Beyond access, cultural beliefs and stigma toward mental illness must be acknowledged. Beliefs that mental health challenges are weakness and character flaws can often lead to secrecy in families and/or not being honest with oneself, leading to denial and neglecting symptoms of mental illness.

The COVID-19 pandemic has led to a much-needed media spotlight on the realities of being Asian/Pacific in America. Hate crimes against Asian Americans rose significantly within the first two years of COVID-19 and has had a direct impact on the mental health of those within these communities, leading to feelings of fear and uncertainty. Though it was a universal characteristic of pandemic life, research shows that anxiety about leaving the home disproportionately affected Asian/Pacific Americans compared to other groups, preventing them from getting health care and essentials. It is unclear what exactly contributed to this, but it is hypothesized that fear of violence and harassment played a role.

Cultural Beliefs

Across Asian/Pacific cultures, stigmatized beliefs around mental health often lead to shame and guilt. Most Asian/Pacific cultures are collectivist, meaning the needs of the group are more important than individuals, and often place high value on reputation and relationships. This can cause a lower engagement with mental health treatment and cultures that seek to hide mental health challenges behind perceived strength and pride.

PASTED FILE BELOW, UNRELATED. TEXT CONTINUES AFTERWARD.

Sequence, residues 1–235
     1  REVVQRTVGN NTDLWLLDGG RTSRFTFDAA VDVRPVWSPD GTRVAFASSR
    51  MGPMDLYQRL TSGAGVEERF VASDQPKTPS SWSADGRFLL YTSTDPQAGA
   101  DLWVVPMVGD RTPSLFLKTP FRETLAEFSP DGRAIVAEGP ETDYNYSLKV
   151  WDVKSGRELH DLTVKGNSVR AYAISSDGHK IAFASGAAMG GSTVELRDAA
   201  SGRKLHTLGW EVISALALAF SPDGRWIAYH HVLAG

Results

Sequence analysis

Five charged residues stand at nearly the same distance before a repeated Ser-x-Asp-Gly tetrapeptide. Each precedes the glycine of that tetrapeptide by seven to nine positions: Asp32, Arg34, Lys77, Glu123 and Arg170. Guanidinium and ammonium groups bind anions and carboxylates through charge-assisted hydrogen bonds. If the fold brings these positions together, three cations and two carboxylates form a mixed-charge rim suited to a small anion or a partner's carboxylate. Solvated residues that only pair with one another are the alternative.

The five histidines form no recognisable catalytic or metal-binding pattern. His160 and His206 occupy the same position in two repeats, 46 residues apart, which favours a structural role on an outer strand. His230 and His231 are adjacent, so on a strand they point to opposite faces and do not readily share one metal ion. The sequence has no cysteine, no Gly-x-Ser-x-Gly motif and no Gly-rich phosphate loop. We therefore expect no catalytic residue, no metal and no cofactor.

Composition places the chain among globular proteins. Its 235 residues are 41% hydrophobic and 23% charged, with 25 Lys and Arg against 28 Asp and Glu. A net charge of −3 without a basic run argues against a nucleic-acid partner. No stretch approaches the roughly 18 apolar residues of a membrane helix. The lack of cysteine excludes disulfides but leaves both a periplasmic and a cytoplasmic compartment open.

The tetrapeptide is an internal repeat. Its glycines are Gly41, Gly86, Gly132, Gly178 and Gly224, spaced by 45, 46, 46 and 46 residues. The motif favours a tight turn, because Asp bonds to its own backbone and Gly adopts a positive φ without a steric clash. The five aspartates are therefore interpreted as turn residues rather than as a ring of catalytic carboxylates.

Asian/Pacific Americans, especially those who are foreign-born or first-generation immigrants, are the least likely group in the U.S. to access mental health care from therapists and doctors, often seeking help amongst loved ones rather than within the medical system. However, third-generation individuals and beyond have much higher rates of using mental health services. While these results are promising for later generations of Asian/Pacific Americans, it is a stark difference that highlights an increased need for more immigrant and early generation support.

Cultural perspectives around body image, skin color, and facial features also influence the mental health of Asian/Pacific Americans. For many East Asian cultures, especially those in China, Japan, and Korea, the ability to maintain a light skin tone and thin frame is highly favorable in comparison to a darker skin tone and average or larger-sized bodies. Those with “unfavorable” traits may be subject to the stress of societal standards and comments from family and others within their community, contributing to poor mental health such as eating disorders and body dissatisfaction.

Beliefs of perfectionism and high standards set by parents and families have been known to lead to distress, depression, and maladaptive behaviors.

Strengths & Resiliency Factors

There is strong evidence that community plays an important role in Asian/Pacific American well-being, and many individuals often find solace among religious community members, family, friends, and other loved ones. While mental health treatment may not be commonly sought in these communities, especially when paired with strong stigmas against mental health care, there is strength in finding community-centered care right for each individual.

Some of the most significant protective factors among Asian, Native Hawaiian, and other Pacific Islander populations are:

  • Cultural identification
  • Family relationships
  • Help-seeking with native healers